According to Wikipedia,

Liaison (French pronunciation: ​[ljɛ.zɔ̃]) is the pronunciation of a latent word-final consonant immediately before a following vowel sound.

Scandinavian languages like Swedish, Norwegian, and Danish tend to drop final consonant sounds in speech, but do they experience liaisons when spoken?

For instance in Swedish: Jag is typically pronounced as Ja, but would Jag är be pronounced as Ja gär?

Does this happen in all Scandinavian languages? Is there any literature regarding this?

  • Are you telling us that you know as a matter of fact that [g] is pronounced in the phrase, in Swedish? Or are you asking "and is <jag är> pronounced [jɑ ar]?".
    – user6726
    Jun 8, 2016 at 15:23
  • @user6726 The latter. I'm a beginning learner of Swedish, so most of my exposure to the language has been ceremoniously hyper-enunciated. I'm interested to know if liaisons occur in Swedish (and other Scandinavian languages).
    – erip
    Jun 8, 2016 at 15:45

2 Answers 2


As far as I know, the unpronounced citation consonants of are not ever recovered phrasally before a vowel. There is the puzzle of knowing which orthographic consonants are unpronounced (Norwegian [rø] "red", Swedish [rød], but note that even before a vowel suffix, the is gone in Norwegian ([røeste] "reddest"). I cannot parse Danish consonants, and I'd suggest consulting Basbøl's book if you want to know how that stuff is pronounced.

  • I agree. I can think of no instances of liaison in any Scandinavian language, either—including Danish. The only possible example I can think of is that han ‘he’ and hun ‘she’ nearly always lose their final /n/ before a consonant in rapid speech in Danish, but only facultatively before vowels. In slower or more careful speech, though, they don’t lose their nasal at all. Jun 14, 2016 at 22:43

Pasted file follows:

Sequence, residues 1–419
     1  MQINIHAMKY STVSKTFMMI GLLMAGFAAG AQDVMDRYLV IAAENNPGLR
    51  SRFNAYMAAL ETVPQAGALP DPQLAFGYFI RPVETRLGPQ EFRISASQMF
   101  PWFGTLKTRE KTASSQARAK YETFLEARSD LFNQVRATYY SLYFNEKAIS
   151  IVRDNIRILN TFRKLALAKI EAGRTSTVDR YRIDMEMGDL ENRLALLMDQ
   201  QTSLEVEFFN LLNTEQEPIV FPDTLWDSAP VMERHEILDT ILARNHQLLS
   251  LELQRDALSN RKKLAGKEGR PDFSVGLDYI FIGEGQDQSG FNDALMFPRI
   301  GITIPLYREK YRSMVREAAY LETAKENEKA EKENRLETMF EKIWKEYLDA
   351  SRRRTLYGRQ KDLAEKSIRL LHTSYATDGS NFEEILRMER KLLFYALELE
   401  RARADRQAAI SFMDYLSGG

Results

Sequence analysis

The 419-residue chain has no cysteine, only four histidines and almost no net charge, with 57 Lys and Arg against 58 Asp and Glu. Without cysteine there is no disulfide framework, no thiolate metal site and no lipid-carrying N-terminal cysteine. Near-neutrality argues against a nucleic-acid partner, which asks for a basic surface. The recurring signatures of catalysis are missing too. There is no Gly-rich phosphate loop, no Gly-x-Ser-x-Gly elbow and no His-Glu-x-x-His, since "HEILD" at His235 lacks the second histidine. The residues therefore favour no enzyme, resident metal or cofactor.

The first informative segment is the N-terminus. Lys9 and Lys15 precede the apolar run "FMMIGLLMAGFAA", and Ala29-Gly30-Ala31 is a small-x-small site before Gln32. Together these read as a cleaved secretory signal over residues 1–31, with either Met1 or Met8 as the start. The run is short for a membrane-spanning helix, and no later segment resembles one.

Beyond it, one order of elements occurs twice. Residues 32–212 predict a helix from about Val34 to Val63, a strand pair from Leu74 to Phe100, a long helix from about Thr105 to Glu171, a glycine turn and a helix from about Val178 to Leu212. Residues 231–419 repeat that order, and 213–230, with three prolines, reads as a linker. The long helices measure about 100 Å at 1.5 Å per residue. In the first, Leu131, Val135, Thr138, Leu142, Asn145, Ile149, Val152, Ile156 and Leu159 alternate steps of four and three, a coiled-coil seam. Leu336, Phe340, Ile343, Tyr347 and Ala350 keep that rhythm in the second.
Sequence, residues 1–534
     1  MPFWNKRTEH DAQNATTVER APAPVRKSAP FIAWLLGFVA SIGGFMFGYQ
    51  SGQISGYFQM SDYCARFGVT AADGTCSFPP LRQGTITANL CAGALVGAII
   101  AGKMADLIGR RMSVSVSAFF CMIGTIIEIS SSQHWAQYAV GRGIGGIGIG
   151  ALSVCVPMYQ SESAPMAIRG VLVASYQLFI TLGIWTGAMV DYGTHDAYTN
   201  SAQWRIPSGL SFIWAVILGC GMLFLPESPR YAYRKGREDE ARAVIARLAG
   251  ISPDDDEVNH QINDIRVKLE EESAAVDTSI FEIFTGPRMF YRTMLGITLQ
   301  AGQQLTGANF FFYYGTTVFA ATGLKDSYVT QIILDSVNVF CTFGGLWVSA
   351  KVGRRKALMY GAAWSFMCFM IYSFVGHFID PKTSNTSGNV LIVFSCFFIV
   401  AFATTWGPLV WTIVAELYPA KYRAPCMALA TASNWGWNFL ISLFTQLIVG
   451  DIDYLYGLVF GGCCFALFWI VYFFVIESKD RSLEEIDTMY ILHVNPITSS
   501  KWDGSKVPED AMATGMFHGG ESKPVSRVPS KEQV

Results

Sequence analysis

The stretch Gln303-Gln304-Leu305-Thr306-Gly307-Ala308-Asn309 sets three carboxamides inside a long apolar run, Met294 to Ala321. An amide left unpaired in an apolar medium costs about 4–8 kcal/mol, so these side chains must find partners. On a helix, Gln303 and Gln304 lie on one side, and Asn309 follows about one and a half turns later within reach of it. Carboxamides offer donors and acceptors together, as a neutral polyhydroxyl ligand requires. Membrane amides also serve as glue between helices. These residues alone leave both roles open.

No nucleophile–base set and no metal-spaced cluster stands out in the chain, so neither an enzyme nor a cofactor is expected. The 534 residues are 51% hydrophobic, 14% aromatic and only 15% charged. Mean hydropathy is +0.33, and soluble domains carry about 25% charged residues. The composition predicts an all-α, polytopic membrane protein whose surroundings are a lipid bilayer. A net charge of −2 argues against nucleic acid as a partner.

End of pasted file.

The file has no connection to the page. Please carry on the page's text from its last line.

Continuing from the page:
Liaison exists in Danish but only in few words by inflections and word formation.


mand [ma̝nˀ] "man" > mandig [ma̝ndi] "manly"

valg [va̝lˀ] "choice" > valget [va̝ljð̠ˠ̞] "the choice"

valg is also sometimes heard as [ˈvalˀj], implying the j is not yet totally latent.

Such rules have a certain universality, i.e. < nd > + -ig and the latent j which is pronounced followed by such an ending.

It is also worth to mention that a [k] can appear after [ŋ], because this may exist in other languages but often ignored. An experiment below shows that the [k] is latent. Some participants were asked to add a verbalization suffix -ere, which starts with a vowel, to a word ending with < ng > [ŋ], to form a new word. Most participants add a [k], so [pɛŋˀ] becomes [pɛŋkeːˀɐ] with the ending. This case is pretty as similar as the mentioned example of < nd >.

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